Wednesday, April 29, 2009

Blessed Certitude of Being Forgiven: A Wondrous Gift of Sacramental Confession

[Please note this post is not intended as a theological exploration of the sacrament of reconciliation. Rather, it is a reflection based on my personal experience about one particular aspect of this sacrament: how marvelously it shows God's eagerness to bend down to us with the gift of mercy in a way that takes account most eminently of the needs and weaknesses of our human psychology.]

Something that has stamped me indelibly as a person is the history of my being a convert to the Catholic faith. Next to life itself my Catholic faith is God's greatest gift to me.

I was baptized (praise God) as an infant. However, as a young man I did not embrace the Christian (Protestant) faith into which I had been baptized (though I never rejected it either). I was agnostic and used to think that even if God did exist, when it comes to the issue of divine ontology we mere humans find ourselves with no choice other than being doomed to perpetual uncertainty.

Then, God's grace came into my life in a way I had never dreamed could be real. . . .

But, this is not a post about my conversion. This is just by way of background to comment about what I want to say now: I am so grateful to God for the awesome sacrament of confession!

As I prepared to profess the Catholic faith and be received into full communion with the Church, being a convert who was already a baptized Christian, I was faced with the (at first daunting) prospect that my first confession would cover 28 years of my life! As I took instruction in the faith (which a gracious priest agreed to conduct privately over a series of meetings), one of my first difficulties was thinking about the Catholic practice of sacramental confession. Certainly, it is the case that we can pray directly to God for forgiveness for our sins and move on from there.

But as I thought about this (then a newly believing Christian but not yet Catholic), something bothered me: How could I know for sure--how could I ever have a deep, peaceful confidence in my soul--that God has truly forgiven me? I knew that I was a sinner and had done some awful things; I had offended God and deeply hurt others and myself by my sins. And I was completely certain that to go forward in life as a newly reverted (converted) Christian, I had to ask for and receive the forgiveness of God for my past sins. I ached to have my soul cleansed; I knew I needed this. And I believed that God since He is truly our Father and loves us immensely would also want us to be able to have confidence in His mercy. What father could stand to have his beloved child uncertain about an authentic gift of forgiveness? I knew that on some level, if I could never have genuine confidence in having been personally forgiven by God for my own particular sins I would always be plagued by an interior anxiety--a spiritual angst would be simmering within: Has God really forgiven me? (i.e. Has my prayerful request for forgiveness been adequate enough? Has it been heard? How do I know?)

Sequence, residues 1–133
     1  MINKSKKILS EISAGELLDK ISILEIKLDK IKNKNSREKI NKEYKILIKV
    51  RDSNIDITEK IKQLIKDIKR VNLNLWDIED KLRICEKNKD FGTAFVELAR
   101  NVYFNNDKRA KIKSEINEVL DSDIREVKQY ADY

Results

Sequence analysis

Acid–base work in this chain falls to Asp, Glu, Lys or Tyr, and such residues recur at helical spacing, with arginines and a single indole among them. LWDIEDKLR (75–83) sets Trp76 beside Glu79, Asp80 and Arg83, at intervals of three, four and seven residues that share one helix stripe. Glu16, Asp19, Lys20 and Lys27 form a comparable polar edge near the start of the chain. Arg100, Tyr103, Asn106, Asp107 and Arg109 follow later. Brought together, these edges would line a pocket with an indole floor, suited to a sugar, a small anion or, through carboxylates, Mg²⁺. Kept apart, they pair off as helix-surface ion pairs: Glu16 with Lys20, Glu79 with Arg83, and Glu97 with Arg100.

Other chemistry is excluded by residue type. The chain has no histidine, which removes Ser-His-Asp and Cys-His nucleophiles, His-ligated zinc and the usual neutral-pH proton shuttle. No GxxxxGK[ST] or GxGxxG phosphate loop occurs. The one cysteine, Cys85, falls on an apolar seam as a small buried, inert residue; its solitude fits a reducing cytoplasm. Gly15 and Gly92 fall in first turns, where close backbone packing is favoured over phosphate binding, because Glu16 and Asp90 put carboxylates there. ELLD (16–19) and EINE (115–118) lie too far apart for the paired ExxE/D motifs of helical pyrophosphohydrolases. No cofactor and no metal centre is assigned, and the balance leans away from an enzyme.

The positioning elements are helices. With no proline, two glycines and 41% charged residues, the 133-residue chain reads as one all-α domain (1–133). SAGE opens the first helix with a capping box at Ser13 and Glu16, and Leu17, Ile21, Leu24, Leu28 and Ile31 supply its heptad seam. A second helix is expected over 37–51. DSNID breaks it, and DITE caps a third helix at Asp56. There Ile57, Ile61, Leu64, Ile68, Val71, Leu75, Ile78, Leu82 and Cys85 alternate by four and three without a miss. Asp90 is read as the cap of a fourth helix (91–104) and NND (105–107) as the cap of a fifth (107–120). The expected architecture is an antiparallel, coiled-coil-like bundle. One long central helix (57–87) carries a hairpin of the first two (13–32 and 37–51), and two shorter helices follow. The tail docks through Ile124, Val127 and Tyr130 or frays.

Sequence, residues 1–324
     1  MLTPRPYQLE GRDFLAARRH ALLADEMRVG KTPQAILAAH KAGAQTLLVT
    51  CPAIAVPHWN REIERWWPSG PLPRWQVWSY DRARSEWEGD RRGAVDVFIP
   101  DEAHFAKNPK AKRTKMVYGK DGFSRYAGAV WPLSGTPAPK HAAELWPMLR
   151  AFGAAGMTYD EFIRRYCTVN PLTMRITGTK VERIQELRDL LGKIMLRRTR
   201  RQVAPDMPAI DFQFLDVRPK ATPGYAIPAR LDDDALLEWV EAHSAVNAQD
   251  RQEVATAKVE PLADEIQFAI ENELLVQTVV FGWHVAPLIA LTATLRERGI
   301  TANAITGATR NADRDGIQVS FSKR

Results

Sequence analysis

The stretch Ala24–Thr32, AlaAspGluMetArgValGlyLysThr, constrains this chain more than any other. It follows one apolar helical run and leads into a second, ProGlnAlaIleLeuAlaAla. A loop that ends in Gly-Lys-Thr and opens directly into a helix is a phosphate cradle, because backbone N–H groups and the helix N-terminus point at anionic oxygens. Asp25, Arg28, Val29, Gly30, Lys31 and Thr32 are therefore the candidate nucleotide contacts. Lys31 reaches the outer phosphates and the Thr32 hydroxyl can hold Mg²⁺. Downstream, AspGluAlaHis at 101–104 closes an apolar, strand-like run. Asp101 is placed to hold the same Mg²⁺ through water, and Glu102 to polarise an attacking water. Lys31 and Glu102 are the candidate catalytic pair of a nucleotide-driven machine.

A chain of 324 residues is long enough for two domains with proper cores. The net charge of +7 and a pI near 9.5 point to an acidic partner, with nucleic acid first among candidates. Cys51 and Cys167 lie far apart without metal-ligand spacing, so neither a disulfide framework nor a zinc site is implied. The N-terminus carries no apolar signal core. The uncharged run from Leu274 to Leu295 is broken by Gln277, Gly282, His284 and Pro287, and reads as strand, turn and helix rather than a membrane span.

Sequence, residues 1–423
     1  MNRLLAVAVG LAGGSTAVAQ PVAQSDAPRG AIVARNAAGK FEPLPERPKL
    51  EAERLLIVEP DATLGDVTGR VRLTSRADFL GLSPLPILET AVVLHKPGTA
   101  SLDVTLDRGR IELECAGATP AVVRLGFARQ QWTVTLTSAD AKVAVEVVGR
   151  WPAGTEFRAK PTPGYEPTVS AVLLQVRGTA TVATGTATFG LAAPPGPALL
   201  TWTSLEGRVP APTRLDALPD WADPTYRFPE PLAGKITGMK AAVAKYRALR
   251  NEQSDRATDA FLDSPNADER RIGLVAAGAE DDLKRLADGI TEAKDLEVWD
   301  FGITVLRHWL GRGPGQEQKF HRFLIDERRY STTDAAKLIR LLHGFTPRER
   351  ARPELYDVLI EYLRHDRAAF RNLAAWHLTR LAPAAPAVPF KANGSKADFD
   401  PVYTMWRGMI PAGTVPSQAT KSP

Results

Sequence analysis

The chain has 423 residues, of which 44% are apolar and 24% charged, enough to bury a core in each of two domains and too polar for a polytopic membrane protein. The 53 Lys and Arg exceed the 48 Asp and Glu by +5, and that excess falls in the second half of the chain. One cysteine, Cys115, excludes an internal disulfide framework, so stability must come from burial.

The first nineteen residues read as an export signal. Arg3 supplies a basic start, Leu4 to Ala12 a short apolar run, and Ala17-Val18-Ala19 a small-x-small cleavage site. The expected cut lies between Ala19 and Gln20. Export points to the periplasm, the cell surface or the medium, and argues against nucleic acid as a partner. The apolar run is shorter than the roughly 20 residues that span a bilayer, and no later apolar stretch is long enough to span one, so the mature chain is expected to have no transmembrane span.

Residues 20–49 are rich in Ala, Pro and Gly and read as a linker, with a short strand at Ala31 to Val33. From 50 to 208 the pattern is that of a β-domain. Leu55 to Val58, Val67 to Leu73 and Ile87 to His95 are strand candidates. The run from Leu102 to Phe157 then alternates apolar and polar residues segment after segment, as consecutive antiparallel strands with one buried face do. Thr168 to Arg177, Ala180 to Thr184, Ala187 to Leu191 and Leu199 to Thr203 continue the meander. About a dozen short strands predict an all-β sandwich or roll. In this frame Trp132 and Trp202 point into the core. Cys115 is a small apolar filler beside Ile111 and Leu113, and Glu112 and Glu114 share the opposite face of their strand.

Then one day it hit me (at this I experienced a thrill of realization): The Catholic practice of sacramental confession--because it is so tangible--is an almost unbelievably perfect answer to the above wretched state of anxiety as to whether God would ever truly proffer his mercy to me. Left only to my own private self-assessment how could I be certain that my own flawed prayers would elicit the (badly needed!) divine mercy I desired? We don't (usually) hear God speak into our ears! How could it be adequate to merely "feel" like God had forgiven me?

Confession to a priest (a validly ordained Catholic priest who has received the authority from God to forgive sins through the power of Jesus Christ) I realized, would give me vastly more confidence about whether or not I had truly ever received forgiveness from God. I realized that while I could fret endlessly about the sincerity of a private prayer offered to God alone I could be absolutely certain of the fact of having gone to confession and heard those blessed words with my own ears, actually spoken by a real human voice: "I absolve you of your sins in the name of the Father, the Son, and the Holy Spirit." How could a person not be sure of the reality of having gone to confession, named his sins with his own voice, and received back the words of absolution from another living human voice?

I give praise and thanks to God for the awesome sacrament of reconciliation. Because of its particular form--taking place in a person-to-person interchange involving lips and ears of flesh for both parties--I need never doubt whether or not God has truly forgiven me my sins. It is as blessedly simple (almost scandalously so) as asking myself: Did I truly confess my sins with my own lips? Did I truly hear those words of absolution with my own ears? Yes, I did! Thanks be to God!

It is so amazing the love of God--how truly fatherly He is. No, He does not have to work through a priest to bestow forgiveness upon us. But, loving father that He is, isn't it so like our God who freely emptied Himself out on a cross for us that He would institute a way to forgive and heal us of our sins wherein we could not only be forgiven but would then possess the great peace of a conscious, personal certainty of the exchange--our confession for His mercy? What hope this gives me!

Does God love us enough to provide a way to be free from anxiety about His mercy?

Let us prepare; go to the confessional; speak our sins to the priest whose lips speak for Christ and afterwords know without doubt that we have heard these wonderful words: "I absolve you of your sins." Thanks be to God!

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